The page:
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A McGill University hockey player celebrates after scoring against UBC
2024 U Cup All Recaps Sports

McGill squeaks past UBC for first win at national tournament since 2014

By Blake Talabis

The final game of the 2024 U Sports men’s hockey championship quarterfinals came to a resounding conclusion as the McGill Redbirds defeated the University of British Columbia (UBC) Thunderbirds by a score of 3-2 on Friday night at the Mattamy Athletic Centre (MAC).

The game was tightly contested—filled with huge hits, jaw-dropping saves and a travelling McGill marching band to encapsulate what was an extremely positive evening for the Redbirds.

“You don’t know what it’s like to play at nationals until you’re here,” said McGill head coach David Urquhart. “Every single team is good…and you learn that pretty fast.”

The Thunderbirds found themselves in the penalty box early into the opening period, which allowed McGill to ride some of the momentum despite not scoring on the man advantage. 

However, eventually, after weathering an early McGill push, UBC started to find their legs—which led to the first goal of the game.

“You don’t know what it’s like to play at nationals until you’re here”

An initial shot was saved by third-year Redbirds net Alexis Shank, but second-year UBC forward Josh Williams was on the scene to bury the rebound and give the Thunderbirds an early lead.

UBC would continue this upward trend into the break and have the next 10 shots before McGill registered their next.

“No matter what the score is, you [have] to continue to play the same way,” said fourth-year defencemaen Scott Walford. “Sometimes the score or the shots don’t reveal the game that’s being played on the ice.”

The second frame continued as the first finished with UBC dominating the play. But, similar to the first, a penalty for UBC switched the momentum into the Redbirds’ favour.

This time McGill would make good on their chance.

As the UBC penalty-killers headed off for a change, a floating pass was aired from the McGill blue line to a streaking first-year winger Stephane Huard. 

First-year Rebirds forward Xavier Fortin blasted a shot past second-year Thunderbirds Cole Schwebius to tie the game for McGill at one a piece.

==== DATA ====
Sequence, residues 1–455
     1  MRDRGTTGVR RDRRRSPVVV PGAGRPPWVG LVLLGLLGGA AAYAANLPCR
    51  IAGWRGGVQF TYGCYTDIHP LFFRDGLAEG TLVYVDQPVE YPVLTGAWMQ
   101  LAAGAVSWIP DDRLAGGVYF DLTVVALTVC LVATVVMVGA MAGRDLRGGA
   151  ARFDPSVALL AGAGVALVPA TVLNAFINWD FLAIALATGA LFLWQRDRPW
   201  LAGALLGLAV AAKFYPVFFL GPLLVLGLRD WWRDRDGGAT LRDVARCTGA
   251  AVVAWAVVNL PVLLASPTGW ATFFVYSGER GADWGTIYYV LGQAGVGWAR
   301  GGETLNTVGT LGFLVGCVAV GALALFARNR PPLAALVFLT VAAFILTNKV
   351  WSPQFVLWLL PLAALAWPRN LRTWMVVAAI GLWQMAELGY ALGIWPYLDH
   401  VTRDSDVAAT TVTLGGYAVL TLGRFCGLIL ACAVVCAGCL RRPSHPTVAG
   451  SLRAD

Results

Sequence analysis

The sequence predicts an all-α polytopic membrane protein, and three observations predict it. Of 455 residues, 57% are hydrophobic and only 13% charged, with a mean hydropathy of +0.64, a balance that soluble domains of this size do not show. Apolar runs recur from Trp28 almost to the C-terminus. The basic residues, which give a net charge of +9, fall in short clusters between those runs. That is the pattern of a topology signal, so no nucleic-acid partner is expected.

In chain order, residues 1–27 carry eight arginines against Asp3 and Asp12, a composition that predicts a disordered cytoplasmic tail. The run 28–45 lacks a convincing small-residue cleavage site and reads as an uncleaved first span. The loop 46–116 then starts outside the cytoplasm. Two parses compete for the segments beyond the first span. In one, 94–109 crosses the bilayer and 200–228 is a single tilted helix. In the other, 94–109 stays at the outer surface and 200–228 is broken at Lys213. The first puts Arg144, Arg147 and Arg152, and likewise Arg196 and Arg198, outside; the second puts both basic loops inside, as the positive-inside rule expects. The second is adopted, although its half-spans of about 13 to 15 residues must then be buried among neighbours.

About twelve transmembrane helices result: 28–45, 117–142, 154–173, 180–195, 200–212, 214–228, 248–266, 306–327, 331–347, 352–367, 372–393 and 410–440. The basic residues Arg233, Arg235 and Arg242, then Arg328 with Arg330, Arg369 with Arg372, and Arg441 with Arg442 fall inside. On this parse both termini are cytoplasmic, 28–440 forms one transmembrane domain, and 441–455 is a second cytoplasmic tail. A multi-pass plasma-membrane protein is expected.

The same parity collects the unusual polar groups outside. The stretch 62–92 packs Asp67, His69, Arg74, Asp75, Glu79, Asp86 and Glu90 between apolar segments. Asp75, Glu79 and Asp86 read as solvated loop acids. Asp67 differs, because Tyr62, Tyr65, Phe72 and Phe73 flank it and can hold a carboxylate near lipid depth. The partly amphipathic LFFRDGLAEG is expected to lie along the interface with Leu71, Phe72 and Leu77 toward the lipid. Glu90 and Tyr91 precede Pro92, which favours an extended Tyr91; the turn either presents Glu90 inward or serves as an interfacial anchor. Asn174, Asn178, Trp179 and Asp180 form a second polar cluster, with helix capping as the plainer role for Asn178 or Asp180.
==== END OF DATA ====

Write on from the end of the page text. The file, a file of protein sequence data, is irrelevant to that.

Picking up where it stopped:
The newly-levelled score-line reflected the battles between players on the ice. Each team started to get more comfortable throwing the body around.

  • The McGill hockey team celebrates in a huddle on the ice
  • McGill and UBC players on the ice
  • UBC hockey players kneel on the ground, have their heads down and comfort each other after a loss
  • A UBC player fights for the puck over a McGill player
  • A UBC player cheers

Unsurprisingly, this made way for more infractions on both sides—but it was a bench minor by UBC that allowed McGill an opportunity to gain their first lead of the hockey game.

Just under halfway through the man advantage, an offensive zone faceoff was won by McGill. The puck was quickly worked to the point where a shot from the blue line was tipped in front of the net by third-year Redbirds forward Zach Gallant to give McGill their first lead of the night.

“Coming into this game, you know you don’t want to take a lot of penalties,” said Urquhart. “You really got to be prepared to take advantage of those opportunities.”

The travelling McGill band echoed the cheers in the crowd with some snooty riffs in between as the period continued.

However, it took only three minutes for UBC to even it up.

An interference call on McGill led to a power play consisting of elite puck retention by the Thunderbirds.

UBC managed to keep the puck throughout their man advantage, until a shot-pass from the boards was tipped home by third-year forward Tian Rask to restore the tie.

The final period of regulation started with some controversy as a puck was thrown to the front of the UBC net, which Schwebius had some trouble tracking in his pads.

Despite some hollering from the Thunderbirds, the call on the ice was confirmed as a no goal.

Although the score was even to this point, UBC was outshooting their opponents by double digits for a large portion of the game. It seemed both teams had an even array of opportunities—but one was hitting the net more than the other.

“When we went down we had confidence in our group,” said Walford. “We know we have the firepower that we are going to capitalize on our chances.” 

As the two teams continued to trade offensive rushes, it was McGill who found a way to create another partial odd-man rush after some nice stick work along the boards.

The puck eventually was slid over to Huard who ripped a beautiful glove-side goal behind Schwebius with just more than ten minutes to go.

Naturally, the Thunderbirds started taking more risks on offence to try and level the scoring once again with their season on the line. 

But for every attempt, McGill goaltender Shank was more than equal to the task and won himself the player of the game as a result of 35 stops.

McGill joins the University of New Brunswick, Toronto Metropolitan University and Université du Québec à Trois-Rivières (UQTR) in the semi-finals of the 2024 U Sports men’s hockey championship.

The Redbirds are set to face UQTR in their semi-final—a rematch of the Ontario University Athletics East final from less than two weeks ago.

“I think everybody here is a little mad that we lost in the semi-finals,” said Shank. “It’s going to be a great opportunity to get them back.

UP NEXT: McGill will match up with UQTR at the MAC on Saturday at 7 p.m.

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